Steven is smiling friendly as he tells me that he wakes up at night and ponders. He’s somewhere in snowy Canada. Because he chose to have his own business, he doesn’t feel like it’s right to wake his wife up in the middle of the night. Steven is a dad of two. He has grown his company to the point that he doesn’t have financial concerns anymore. So I ask him what keeps him up at night.
“I’m questioning my own leadership. Am I making the right decisions?”
As we expand on Steven’s concern, we discover that there are layers to him questioning himself. For quite some time he’s been feeling:
- drained and exhausted
- a lack of creativity and motivation
- no time for himself
- not able to enjoy his family and quality time
- bad thoughts and emotions when thinking of his work
Steven is not alone. Entrepreneurs and Office Athletes who commit to achieving big goals often feel trapped by their commitments and choices. Steven wants to be an amazing father, a great husband, a reliable friend and an impactful entrepreneur. Being invested in your ambitions and making the most of your capabilities is something I encourage and celebrate. You decide how high you set the bar. What happens next is interesting.
What happens when you don’t perform as good as you want? How do you deal with setbacks? Failed attempts? How do you gather strength to carry on?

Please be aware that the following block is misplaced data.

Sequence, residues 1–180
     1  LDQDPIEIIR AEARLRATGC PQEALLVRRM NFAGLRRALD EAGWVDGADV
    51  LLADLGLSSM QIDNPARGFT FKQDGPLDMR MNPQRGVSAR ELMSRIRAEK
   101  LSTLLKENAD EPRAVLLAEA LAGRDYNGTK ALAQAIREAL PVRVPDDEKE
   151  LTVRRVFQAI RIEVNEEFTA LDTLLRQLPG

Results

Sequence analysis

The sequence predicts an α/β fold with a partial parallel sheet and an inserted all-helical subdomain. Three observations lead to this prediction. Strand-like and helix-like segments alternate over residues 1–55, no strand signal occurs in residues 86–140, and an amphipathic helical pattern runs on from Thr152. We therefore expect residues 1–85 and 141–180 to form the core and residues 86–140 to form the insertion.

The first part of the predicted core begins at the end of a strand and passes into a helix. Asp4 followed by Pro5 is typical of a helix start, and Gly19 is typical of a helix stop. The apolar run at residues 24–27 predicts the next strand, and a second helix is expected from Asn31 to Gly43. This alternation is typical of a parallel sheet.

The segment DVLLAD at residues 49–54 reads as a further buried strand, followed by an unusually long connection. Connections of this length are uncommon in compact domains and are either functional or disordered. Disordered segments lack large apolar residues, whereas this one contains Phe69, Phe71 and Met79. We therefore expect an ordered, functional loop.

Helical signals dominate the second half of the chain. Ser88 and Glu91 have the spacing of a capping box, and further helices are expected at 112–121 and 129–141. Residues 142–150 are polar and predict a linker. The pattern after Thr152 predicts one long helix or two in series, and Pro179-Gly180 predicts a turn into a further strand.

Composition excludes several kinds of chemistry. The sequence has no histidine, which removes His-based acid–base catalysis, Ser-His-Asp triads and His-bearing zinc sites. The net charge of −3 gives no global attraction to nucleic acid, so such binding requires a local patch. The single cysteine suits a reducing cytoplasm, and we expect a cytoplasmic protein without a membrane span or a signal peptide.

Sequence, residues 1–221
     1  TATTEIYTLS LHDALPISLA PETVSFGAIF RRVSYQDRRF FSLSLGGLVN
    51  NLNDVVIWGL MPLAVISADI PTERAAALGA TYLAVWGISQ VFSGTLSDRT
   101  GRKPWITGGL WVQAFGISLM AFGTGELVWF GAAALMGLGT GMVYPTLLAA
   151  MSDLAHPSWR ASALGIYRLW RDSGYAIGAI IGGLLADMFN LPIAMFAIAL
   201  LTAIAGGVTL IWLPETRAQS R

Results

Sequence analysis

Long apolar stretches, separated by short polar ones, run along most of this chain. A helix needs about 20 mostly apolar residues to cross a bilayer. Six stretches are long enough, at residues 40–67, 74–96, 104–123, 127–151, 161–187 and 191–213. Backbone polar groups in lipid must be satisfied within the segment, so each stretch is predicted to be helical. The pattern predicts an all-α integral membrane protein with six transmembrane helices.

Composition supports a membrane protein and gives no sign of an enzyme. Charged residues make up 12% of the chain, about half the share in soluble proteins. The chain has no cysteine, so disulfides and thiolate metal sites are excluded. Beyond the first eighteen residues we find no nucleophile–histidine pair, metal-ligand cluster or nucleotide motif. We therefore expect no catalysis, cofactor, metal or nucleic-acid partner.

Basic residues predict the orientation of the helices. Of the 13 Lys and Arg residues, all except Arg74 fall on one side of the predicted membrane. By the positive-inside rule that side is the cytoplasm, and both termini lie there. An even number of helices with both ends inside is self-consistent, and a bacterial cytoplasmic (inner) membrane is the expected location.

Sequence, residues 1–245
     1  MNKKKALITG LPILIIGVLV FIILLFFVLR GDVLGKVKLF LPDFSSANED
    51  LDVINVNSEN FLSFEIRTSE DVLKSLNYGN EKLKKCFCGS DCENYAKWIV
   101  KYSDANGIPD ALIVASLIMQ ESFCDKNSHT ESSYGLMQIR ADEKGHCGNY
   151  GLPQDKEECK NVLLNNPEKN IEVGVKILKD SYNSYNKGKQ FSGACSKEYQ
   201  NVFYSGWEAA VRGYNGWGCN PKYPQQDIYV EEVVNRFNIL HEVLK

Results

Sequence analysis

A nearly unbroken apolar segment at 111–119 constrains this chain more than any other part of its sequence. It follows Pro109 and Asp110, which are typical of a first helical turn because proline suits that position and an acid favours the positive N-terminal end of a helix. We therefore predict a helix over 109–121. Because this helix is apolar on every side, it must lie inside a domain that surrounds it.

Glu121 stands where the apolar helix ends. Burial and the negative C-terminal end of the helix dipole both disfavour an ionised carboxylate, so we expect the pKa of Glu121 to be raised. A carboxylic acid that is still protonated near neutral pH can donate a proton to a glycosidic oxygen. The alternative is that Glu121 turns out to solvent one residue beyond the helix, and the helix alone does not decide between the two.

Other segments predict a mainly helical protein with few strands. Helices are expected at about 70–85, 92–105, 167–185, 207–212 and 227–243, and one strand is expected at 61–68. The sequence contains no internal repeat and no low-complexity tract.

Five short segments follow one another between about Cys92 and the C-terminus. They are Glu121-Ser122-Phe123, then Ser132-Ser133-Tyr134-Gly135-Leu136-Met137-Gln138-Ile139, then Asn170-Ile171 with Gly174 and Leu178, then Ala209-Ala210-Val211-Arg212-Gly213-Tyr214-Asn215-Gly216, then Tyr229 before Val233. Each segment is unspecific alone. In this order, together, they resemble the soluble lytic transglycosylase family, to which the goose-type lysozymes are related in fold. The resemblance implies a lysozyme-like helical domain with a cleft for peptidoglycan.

Steven and I clarified some limiting beliefs around the expectations he has of himself. His image of strength and being a man did not include him venting his struggles. Because he is the person in charge of his decisions, he can’t complain about the status quo. On paper it looks great. Successful business, nice house, healthy kids. Inside Steven feels alone and stuck inside his own creation.
I recognize having bad associations with expressing negative feelings, doubts and insecurities. Plenty of my clients are raised by baby boomers – this means your parents are older than 60 today. The generation that raised us stimulated the “toughen up” and “don’t complain” mindset. Work hard and be content. That philosophy comes from survival and scarcity. It served a different era. Today it is outdated programming.
Not being able to express your pain, sadness, disgust, or anger, leaves you with those emotions bottled up.
And the thing about not expressing emotions is that it’s just like pressing a ball under water. The more you push it down, the more it wants to float up. Resisting emotions is tiring, can cause a short fuse and leaves you feeling misunderstood.
Steven and I installed a important upgrade in his root programming. He is always happy to listen and help others. But he was afraid of the reactions of him sharing. Being comforted was somewhat scary to him. He does not want to be depending on others. How do you reframe these complex layers of programming inside a human approaching 40?
Steven loved how he felt empowered to take ownership of the update. Powerful leaders, inspirational husbands, relatable fathers – they understand the difference between depending on and relying on others. Depending on is a scarcity mindset, built on feelings of unsafety and survival. Steven refuses to depend on others – that’s why he’s such a rugged individual.
Relying is an abundance mindset – built on feelings of trust and thriving.
Steven loves the idea that you choose who you rely on, for what. The upgrade also changed the way he sees his friends and family: a relationship of people choosing to rely on each other.
Which update improves your personal programming?